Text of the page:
Molecular phylogeny reveals cryptic diversity and swim bladder evolution of Sillaginidae fishes (Perciformes) across the Indo-West Pacific Ocean

Jie Cheng, Jiaguang Xiao, Na Song, Shilpi Saha, Jianguang Qin, Hirotaka Nomura, Sher Khan Panhwar, Noureen Farooq, Kwangtsao Shao, Tianxiang Gao

Research output: Contribution to journalArticlepeer-review

5 Citations (Scopus)
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Aim: Sillaginidae is commercially exploited fish species across the Indo-West Pacific (IWP), and changes in its abundance are of major conservation concern. Cryptic species in the marine realm emphasizes the necessity to revise our current perception of marine biodiversity, and understanding cryptic diversity is a prerequisite for sustainable development of ocean fisheries. Therefore, our goal was to provide an in-depth understanding of cryptic diversity and evolutionary diversification of the family Sillaginidae across the IWP to assess the currently uncertain global status of the species. Location: IWP shores spanning from Japan and Australia to South Africa. Methods: Samples from 23 valid and two undefined Sillaginidae species were obtained across their habitats in IWP. Phylogenetic analyses and molecular dating of both mitochondrial (12S, 16S, Cyt b, and COI) and nucleic (RAG2) loci, combined with morphometrics of the swim bladder, were used to evaluate their cryptic species diversity and phylogeography. Results: A total of 31 operational taxonomic units with two highly diverse cryptic complexes in Sillago ingenuua and Sillago sihama were identified across IWP, including a shallow dichotomous branch in the S. ingenuua complex and eight highly divergent clades from the S. sihama complex. The robust model-based multigene phylogeny for 24 Sillaginidae species was well supported in accordance with the morphology evolution of swim bladder. The origin of the Sillaginidae was estimated during the Middle Eocene based on the relaxed molecular clock analysis calibrated by fossil and paleogeographic event. Main conclusions: Our results indicated that more cryptic species could be present in the family Sillaginidae and a thorough reappraisal of the current S. sihama taxonomy is warranted. The swim bladder evolution in Sillaginidae fishes was from simplicity to complex corresponding with phylogeny. Given the complex cryptic diversity of Sillaginidae species, we suggested treating them as different management units in utilization of offshore fisheries resources.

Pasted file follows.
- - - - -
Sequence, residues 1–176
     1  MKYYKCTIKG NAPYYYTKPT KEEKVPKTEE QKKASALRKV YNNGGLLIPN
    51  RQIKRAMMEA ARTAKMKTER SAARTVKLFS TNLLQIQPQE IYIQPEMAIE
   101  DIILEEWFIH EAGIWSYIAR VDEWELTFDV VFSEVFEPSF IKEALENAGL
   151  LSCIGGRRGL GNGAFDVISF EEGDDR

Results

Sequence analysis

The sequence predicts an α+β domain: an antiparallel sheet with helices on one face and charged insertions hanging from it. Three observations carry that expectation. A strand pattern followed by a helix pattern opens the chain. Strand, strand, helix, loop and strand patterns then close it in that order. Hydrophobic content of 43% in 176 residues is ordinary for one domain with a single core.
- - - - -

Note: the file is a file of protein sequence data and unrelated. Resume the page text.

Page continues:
Original languageEnglish
Pages (from-to)82-94
Number of pages13
JournalDiversity and Distributions
Issue number1
Publication statusPublished - Jan 2021


  • cryptic diversity
  • Indo-West Pacific Ocean
  • molecular clock
  • phylogeography
  • Sillaginidae
  • swim bladder


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